Many a knitter has sung the praises of the afterthought heel on handknit socks. You knit a tube with shaping for the toes and then add the heel afterwards by either unraveling a piece of waste yarn previously knitted in or by (gasp!) cutting your knitting at a spot just past your ankle bone on the back side of the sock and taking a needle(s) and picking up the live stitches and knitting what essentially is another toe.
To me, it was appealing and intimidating at the same time. I mean, what would happen if I lost my live stitches and my sock became a tangled mess? 😮 I finally got up enough courage to attempt it when I decided to take some leftover Noro Silk Garden Sock yarn–about 190 yards worth, and knit some socks. Since 190 yards probably wouldn’t be enough for both socks, I picked up a skein of Cascade 220 Sport Superwash in a matching color to knit the toes, heels, and top ribbing with. Originally, I was going to knit my fall-back toe-up gusset heel pattern, but realized that the gusset was probably going to eat up more yarn than I wanted it to. That’s when the afterthought heel came in.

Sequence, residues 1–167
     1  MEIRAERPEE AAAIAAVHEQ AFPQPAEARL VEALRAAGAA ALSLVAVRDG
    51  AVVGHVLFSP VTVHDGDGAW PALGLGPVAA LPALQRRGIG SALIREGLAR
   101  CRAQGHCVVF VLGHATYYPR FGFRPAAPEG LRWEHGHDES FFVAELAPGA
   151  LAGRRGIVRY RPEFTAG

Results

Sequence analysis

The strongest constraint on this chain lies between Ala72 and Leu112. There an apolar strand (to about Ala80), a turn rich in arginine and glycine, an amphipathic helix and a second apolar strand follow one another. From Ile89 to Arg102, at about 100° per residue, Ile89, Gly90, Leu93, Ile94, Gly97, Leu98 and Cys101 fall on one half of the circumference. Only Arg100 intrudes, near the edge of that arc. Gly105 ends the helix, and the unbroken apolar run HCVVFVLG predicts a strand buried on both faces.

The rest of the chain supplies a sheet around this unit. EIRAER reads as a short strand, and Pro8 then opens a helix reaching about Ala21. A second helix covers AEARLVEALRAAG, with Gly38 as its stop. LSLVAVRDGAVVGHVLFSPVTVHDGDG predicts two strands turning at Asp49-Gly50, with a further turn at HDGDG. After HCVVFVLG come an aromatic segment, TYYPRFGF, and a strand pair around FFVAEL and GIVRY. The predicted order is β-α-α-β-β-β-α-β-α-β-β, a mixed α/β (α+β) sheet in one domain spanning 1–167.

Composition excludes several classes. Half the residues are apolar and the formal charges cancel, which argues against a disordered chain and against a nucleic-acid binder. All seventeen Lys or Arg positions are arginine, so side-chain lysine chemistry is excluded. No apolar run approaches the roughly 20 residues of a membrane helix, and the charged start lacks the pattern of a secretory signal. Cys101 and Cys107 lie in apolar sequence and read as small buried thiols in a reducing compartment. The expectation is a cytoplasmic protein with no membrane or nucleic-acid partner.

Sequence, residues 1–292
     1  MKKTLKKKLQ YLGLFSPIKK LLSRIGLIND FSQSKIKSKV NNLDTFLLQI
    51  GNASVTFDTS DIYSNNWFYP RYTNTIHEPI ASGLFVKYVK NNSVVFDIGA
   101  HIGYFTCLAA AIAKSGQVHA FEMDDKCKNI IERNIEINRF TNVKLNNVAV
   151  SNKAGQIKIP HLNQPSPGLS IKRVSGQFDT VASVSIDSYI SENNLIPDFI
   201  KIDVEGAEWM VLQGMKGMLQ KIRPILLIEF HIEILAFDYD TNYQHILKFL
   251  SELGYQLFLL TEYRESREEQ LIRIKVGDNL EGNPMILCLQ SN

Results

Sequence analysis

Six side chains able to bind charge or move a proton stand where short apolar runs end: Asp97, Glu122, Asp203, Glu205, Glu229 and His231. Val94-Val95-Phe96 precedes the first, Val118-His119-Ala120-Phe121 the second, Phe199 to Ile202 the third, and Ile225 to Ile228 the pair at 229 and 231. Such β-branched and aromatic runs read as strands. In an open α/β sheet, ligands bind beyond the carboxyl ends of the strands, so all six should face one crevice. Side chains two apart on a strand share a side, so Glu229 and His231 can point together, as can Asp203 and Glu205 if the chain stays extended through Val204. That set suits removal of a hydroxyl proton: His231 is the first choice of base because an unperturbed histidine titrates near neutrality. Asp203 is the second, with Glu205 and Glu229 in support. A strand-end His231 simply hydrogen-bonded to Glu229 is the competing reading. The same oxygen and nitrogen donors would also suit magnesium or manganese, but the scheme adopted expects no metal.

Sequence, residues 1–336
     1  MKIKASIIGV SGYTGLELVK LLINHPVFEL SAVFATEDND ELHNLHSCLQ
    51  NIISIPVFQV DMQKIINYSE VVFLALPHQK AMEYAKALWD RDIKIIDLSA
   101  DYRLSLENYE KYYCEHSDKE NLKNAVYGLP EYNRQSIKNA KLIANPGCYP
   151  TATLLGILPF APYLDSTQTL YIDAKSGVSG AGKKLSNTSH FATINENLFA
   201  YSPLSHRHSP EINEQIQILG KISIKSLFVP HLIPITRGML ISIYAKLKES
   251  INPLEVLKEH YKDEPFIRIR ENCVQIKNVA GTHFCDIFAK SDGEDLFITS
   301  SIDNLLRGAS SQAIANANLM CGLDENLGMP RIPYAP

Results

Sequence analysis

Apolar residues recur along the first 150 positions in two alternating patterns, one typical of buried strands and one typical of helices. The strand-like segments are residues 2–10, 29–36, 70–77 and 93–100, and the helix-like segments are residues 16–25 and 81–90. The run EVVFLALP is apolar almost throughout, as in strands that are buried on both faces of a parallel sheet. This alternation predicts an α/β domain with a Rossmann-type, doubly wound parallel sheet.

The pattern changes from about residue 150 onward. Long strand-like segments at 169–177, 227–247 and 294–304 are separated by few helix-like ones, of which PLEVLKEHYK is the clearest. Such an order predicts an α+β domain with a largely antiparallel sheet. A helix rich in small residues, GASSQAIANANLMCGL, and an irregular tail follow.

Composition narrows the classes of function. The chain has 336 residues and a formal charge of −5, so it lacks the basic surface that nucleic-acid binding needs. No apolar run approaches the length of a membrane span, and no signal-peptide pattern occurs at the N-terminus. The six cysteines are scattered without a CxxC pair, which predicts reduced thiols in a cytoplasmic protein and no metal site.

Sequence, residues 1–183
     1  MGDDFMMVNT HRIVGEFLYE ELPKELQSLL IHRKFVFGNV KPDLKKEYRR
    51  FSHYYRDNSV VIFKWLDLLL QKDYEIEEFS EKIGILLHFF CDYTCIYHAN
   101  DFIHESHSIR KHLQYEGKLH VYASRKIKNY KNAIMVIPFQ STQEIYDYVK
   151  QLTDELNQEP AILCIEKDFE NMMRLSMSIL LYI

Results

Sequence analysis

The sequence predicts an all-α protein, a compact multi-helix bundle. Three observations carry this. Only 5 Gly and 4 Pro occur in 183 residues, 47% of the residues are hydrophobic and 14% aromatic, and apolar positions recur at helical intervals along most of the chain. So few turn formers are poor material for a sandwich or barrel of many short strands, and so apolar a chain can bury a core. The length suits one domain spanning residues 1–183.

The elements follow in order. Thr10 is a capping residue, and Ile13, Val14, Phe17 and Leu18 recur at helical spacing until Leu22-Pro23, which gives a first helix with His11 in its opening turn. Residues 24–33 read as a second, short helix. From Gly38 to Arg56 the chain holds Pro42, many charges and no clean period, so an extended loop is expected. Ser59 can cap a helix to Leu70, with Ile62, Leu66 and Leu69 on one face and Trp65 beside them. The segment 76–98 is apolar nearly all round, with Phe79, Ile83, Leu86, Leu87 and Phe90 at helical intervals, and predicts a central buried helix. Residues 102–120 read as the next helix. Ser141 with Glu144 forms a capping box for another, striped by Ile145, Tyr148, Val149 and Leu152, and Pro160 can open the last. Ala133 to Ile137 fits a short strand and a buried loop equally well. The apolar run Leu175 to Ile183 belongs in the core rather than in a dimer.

When knitting the first sock, I did learn a couple of things that will make future socks easier. One is that I only have to knit 1 inch beyond the length I normally knit my toe-up socks before needing to put the waste yarn in–definitely less knitting than with putting in a gusset. Secondly, the waste yarn needs to be a contrasting color to the color of the sock. When taking out the waste yarn on the first sock, I accidentally pulled on the wrong yarn and dropped a good many stitches. While annoying, I was able to fix it, though.
As I continued to work on my socks, a few things dawned on me. My husband adores the handknit socks I knit for him, but he has a tendency to blow out the heels. Perhaps I should knit all of his socks with afterthought heels so that when he blows out a heel, I can just simply replace the heel rather than having to ditch the whole sock. Another thing is that since I’m knitting a tube, more intricate patterns will be easier to deal with since there is no gusset involved. I also really like the concept of 2-at-a-time socks. I’ve tried them both toe-up and top-down, but never could figure out traditional heels, so I gave up. Since I’m basically knitting a tube then adding the heel later, 2AAT with afterthought heels is definitely do-able. In other words, this has opened up a new avenue of sock knitting possibilities to me.
I am a happy camper. 🙂